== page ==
There are also some items only found here, including a wide selection of animation books (some how-to editions geared for children and lots of animation history books for grown-ups). Best of all, this shop still stocks a line of limited-edition hand-painted cels featuring favorite Disney characters. At times, these cels recreate favorite scenes from films. Others commemorate attractions, Disney park anniversaries, or historic events (like the millennium). Available unframed, gold-framed, black-framed, and with or without an accompanying pin, these affordable, unique items are definitely "Disney" but are often subtle enough to display in your den or office.

Best of all, this shop is usually quiet, so expect that old-time, over-the-top Disney merchandise service from the cast members here.

Yong Feng Shangdian Department Store

While not as overflowing with treasures as it was before the recent remodel, this sprawling establishment in the heart of the China pavilion is still chock-full of surprises in a wide-range of prices sure to fit any budget. Charming tea sets line the shelves with designs often unavailable elsewhere, from traditional floral sets to more modern interpretations inspired by anything from lily pads to orchids. Beautifully colored metal boxes, vases, and jars sparkle in a variety of sizes suited for a dresser or a front porch. For kids, there are dolls, dragon figurines, parasols, puppets, and toys galore. We once found a set of wonderful clay warriors and horses for the shelves in our den. The Yong Feng Shangdian Department Store is definitely worth a visit; as a bonus, there are often unannounced sales here as well.

Tea sets for sale at the Yong Feng Shangdian store. MousePlanet file photo.

Your Little Shop around the Corner?

Even though it takes a little more effort to find these unique places to spend your Disney dollars, it's often worth the extra effort if you are looking for something other than the standard "Disney World" emblazoned shirt or knick-knack. Be sure to let us know the names of some of your favorite places to shop throughout the Vacation Kingdom of the World.



  1. By MyTwoCents

    With no disrespect to another fine article from Tom I feel the need to point out a leitmotif he acknowledges: The depth and quality of merchandise in the cleverly-themed yet ever-shrinking shops "ain't what it used to be." Yet there are two outlet malls nearby to WDW specializing in the mass-produced trinkets no one seems to want to buy: endless Vinylmation variations and the latest incarnations of the Duffy Bear, for instance. Yes, we can still find something truly worth cherishing and displaying with taste in our homes, but the pickins are gettin' mighty slim.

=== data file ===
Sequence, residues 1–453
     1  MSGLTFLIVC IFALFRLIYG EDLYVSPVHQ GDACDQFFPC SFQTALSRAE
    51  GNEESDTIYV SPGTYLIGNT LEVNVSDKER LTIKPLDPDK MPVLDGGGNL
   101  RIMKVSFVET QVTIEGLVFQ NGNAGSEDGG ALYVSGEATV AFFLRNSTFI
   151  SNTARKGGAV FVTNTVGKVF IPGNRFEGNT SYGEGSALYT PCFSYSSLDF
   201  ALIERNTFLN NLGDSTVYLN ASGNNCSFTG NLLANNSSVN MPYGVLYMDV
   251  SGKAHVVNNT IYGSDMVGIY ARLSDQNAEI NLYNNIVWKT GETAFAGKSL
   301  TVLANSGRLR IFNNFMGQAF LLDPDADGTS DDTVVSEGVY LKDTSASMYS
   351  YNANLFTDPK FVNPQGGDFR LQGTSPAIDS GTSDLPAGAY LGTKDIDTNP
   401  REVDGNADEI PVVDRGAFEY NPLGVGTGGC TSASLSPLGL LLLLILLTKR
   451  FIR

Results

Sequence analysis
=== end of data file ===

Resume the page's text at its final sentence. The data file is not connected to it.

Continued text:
By the way, for the second time in a row Disney has promoted the CEO of DisneyStores to run DisneyParks. The connection is crystal clear: the Disney Company sees their Parks as great big Disney Stores.

    Remember when the Imagineers ran the show?

  2. By danyoung

    I remember the unique shops back in the old days of DL, especially the Pendleton shop in Frontierland. I can't blame Disney for wanting to make more money, but there truly was something special about these shops that is sadly lost.

  3. By mkelm44

    I personally love the Art of Disney store in downtown disney, especially when they have an artist there. There are some pretty unusual pieces of art there that you can't find anywhere else, including some custom work.

  4. By olegc

    I miss the Pendleton store as well. I bought a tie while in High School - folks thought I was crazy because it did not say Disney on it - but I thought it was unique and I knew where it came from. The old store model in New Orleans Square - with true NO-based items - was also unique in its day.

    I also miss the old Market House - now if I want to find kitchen-related merchandise I have to hunt for it - when before I knew where to go.

    I think we as more avid Disney fans notice the details and unique elements. I don't necessarily blame the Disney company for going after easy money and low hanging fruit - since the masses tend to buy the generic stuff (or they would not put it out there). You'd think, though, with the profits that are made (and this year they were good) they would be able to continue to devote some space and time and quality to those unique elements for the repeat visitor. Oh well.

  5. By cbarry

    I've always seemed to do very well at the Contemporary gift shop Bayview Gifts.

  6. By carolinakid

    Since the merchandise has become so generic, in all honesty I rarely go into any of the shops at all anymore. I used to also always buy some sort of resort hotel specific merchandise (usually a T or sweat shirt) each visit but that's pretty much gone.

  7. By worldlover71

    You mentioned the three film versions of the story but there was also a charming Broadway musical from 1963 called She Loves Me. You can't keep a good story down!